Toyota City, Japan, August 6, 2018―Toyota Motor Corporation (Toyota) held a ceremony today at its headquarters in Toyota City commemorating the induction of Toyota founder Kiichiro Toyoda into the Automotive Hall of Fame in the United States as part of this year’s induction class.
Approximately 100 people attended the ceremony, which, in addition to Toyota executives and representatives of the Toyota National Dealer’s Advisory Council, Kyohokai, Eiyokai, and Toyota Group member companies, included―for the passing down of the spirit of Kiichiro Toyoda and others at the time of the company’s foundation―young employees from each group company.
Toyota Chairman Takeshi Uchiyamada and Senior Managing Officer Jim Lentz, who attended the induction ceremony in Detroit in the United States on July 19, reported on the induction, and Honorary Chairman Shoichiro Toyoda and President Akio Toyoda, in remembrance of Kiichiro Toyoda and the other leaders at the time of the company’s foundation, addressed today’s gathering as detailed below.
Honorary Chairman Shoichiro Toyoda
“Eiji Toyoda was inducted into the Automotive Hall of Fame in the U.S. in 1994, and I was also inducted in 2007. It is a tremendous honor and one that fills me with great joy that the induction this year of Kiichiro, who took up the challenge of shifting from the loom business to the car business, stems from the high evaluation in America, which can be called the ‘mother’ of the automobile, of his achievements as founder at the time of our company’s foundation.
“Kiichiro used to say: ‘When it came to loom technology, I am confident that we were the best in the world. But, as for automobiles, I didn’t do a thing. It was my subordinates and those around me who did it.’ Within those words were feelings of appreciation based on Kiichiro’s belief that ‘The automobile business is not something that one person alone can undertake. We were able to accomplish what we did only because many people came together and worked hard.’
“It was after the war that Kiichiro yet to accomplish what he had set out to do, fell ill and never lived to see that for which he had aimed: the creation of an authentic passenger car for the masses. Those dreams and aspirations were inherited by the subordinates who shared his dreams, resulting in the birth of the Crown in 1955.
“Since then and to this day, the practice of genchi genbutsu (go and see to find the facts), an understanding that prices are determined by the market and that we should tirelessly endeavor to reduce costs, the building of quality into one’s own processes, or jikotei kankestsu, the taking up of challenges for innovation, and the cultivating of the human resources who will assume responsibility for these things have formed the driving force of our development. All of these represent the thinking and stance behind Kiichiro’s approach to making cars since the time of our foundation. As such, Kiichiro lives on as part of Toyota Motor Corporation and the Toyota Group today.”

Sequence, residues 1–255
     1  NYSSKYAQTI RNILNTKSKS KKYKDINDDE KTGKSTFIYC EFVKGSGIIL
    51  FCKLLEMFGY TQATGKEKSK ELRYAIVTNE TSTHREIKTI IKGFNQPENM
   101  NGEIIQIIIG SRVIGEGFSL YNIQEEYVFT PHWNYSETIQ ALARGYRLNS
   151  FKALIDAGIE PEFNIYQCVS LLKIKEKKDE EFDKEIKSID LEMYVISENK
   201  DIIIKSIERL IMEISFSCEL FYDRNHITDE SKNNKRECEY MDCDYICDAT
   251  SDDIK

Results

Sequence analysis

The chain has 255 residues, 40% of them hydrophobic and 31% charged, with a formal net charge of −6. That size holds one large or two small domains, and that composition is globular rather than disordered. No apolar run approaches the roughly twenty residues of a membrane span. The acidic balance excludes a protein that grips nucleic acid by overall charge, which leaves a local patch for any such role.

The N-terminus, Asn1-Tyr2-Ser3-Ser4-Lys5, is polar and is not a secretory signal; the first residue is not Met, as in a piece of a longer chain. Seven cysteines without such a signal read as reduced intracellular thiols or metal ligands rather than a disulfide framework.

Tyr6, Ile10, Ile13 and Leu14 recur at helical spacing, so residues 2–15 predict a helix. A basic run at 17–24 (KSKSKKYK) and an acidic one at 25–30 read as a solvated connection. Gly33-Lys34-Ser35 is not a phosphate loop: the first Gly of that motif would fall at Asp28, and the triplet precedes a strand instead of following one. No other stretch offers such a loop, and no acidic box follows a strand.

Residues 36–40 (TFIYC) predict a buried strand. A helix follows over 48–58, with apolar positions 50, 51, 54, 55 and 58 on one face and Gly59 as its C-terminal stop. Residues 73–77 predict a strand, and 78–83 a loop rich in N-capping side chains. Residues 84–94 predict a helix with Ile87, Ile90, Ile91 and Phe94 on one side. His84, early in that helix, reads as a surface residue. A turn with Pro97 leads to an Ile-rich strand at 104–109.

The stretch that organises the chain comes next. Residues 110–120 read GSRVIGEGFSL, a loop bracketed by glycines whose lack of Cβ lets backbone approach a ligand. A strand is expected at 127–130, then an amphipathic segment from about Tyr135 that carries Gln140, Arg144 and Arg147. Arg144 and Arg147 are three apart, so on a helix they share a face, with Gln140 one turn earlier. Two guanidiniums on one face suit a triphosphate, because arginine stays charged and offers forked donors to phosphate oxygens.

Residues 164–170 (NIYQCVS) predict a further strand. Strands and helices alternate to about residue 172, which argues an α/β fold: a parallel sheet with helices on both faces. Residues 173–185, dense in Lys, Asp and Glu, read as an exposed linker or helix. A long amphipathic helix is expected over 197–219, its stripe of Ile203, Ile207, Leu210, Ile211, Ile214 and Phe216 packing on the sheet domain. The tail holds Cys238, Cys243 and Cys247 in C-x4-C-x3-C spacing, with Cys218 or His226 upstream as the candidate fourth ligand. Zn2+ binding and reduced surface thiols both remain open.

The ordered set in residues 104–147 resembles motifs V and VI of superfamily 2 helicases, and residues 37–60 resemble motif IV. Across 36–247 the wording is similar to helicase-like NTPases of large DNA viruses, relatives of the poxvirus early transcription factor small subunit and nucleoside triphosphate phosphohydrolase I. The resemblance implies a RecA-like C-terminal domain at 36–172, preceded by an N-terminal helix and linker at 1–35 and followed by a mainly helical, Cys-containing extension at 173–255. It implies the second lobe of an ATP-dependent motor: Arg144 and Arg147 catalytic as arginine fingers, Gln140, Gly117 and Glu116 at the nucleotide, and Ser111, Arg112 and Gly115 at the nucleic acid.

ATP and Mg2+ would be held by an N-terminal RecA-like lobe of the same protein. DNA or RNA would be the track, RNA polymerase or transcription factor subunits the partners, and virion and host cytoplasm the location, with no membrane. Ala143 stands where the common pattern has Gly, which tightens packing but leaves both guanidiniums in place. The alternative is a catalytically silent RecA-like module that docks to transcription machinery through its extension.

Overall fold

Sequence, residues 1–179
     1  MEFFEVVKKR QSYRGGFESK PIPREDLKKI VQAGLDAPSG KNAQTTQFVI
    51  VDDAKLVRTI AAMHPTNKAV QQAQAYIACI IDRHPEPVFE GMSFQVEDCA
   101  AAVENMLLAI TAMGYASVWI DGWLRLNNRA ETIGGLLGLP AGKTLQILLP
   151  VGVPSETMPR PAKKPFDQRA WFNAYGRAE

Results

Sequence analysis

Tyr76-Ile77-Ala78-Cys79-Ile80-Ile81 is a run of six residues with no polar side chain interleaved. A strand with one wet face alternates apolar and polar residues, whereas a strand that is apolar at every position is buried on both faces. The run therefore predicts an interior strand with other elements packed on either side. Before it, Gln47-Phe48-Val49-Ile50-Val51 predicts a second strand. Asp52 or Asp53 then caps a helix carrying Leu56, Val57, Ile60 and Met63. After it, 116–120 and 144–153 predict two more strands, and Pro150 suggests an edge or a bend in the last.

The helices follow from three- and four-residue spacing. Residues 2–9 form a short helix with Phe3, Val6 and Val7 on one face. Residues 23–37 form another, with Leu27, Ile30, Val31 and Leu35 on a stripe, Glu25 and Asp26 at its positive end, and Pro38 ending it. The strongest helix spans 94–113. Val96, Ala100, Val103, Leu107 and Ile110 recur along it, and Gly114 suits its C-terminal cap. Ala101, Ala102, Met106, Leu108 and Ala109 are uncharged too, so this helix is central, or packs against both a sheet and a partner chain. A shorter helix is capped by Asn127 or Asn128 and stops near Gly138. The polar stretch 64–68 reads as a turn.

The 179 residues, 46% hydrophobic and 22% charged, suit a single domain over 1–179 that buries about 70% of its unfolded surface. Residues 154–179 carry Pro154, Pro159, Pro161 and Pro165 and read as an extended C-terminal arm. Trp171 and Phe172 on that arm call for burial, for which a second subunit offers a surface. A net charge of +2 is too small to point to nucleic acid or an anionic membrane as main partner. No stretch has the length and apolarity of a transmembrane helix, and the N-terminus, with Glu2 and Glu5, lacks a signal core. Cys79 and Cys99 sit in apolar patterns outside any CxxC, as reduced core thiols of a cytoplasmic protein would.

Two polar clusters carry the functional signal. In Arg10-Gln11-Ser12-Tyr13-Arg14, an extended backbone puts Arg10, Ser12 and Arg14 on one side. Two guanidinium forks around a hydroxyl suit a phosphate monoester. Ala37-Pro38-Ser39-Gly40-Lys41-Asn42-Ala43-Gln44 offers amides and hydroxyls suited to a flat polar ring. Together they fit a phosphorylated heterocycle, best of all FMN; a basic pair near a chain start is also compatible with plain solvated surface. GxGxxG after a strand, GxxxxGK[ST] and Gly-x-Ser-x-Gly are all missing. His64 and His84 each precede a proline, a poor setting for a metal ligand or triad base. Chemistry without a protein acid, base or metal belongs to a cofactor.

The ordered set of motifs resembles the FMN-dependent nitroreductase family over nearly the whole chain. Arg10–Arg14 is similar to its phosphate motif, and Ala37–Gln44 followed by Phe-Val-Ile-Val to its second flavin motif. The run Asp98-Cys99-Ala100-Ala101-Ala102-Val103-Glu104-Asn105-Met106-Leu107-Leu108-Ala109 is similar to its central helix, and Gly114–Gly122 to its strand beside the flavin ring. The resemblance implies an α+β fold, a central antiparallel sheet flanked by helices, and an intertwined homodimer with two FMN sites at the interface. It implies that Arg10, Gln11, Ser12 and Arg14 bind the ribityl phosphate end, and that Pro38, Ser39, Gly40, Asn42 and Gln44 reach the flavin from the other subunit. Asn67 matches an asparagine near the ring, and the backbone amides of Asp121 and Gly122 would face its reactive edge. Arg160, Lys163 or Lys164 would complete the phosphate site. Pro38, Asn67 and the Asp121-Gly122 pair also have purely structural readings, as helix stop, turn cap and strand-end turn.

President Akio Toyoda
“Because Kiichiro passed away at the young age of 57, I never had the chance to meet him. But, even in the case of the honor recently bestowed on him, I believe he would have said: ‘Because it took all of us working together to make cars, being inducted into a hall of fame, too, is something we will do together. My name exists just to represent you.’
“When I think of Kiichiro and our predecessors, there are always two things that come to mind. One is a feeling of appreciation, as, if it were not for them, the Toyota we know today would not exist. The other, nonetheless, is a sense of regret, as none of them were able to experience, for the most part, the good times that were to come.
“That is why I am happy, more than I would be for myself, that their days of effort and challenge have been recognized by induction into the Automotive Hall of Fame in America, a country that they all admired.
“We exist today precisely because, for the future of Japan, Kiichiro and all the people who supported us at the time of our foundation took up the challenge of making cars, which at the time was said to be impossible. If we who were handed the baton had only always talked about risks without taking up any challenges and only did what was safe, we would be, in front of both our predecessors and members of the next generation, hard pressed to find an excuse.
“To make a future society of mobility more enjoyable and prosperous, I, myself, will stand at the forefront and continue the fight. And I pledge that I will firmly pass on to those who are younger the idea, which is the origin of our company’s foundation, of committing oneself to the struggle, not for oneself, but for society and for smiles on the faces of the next generation.”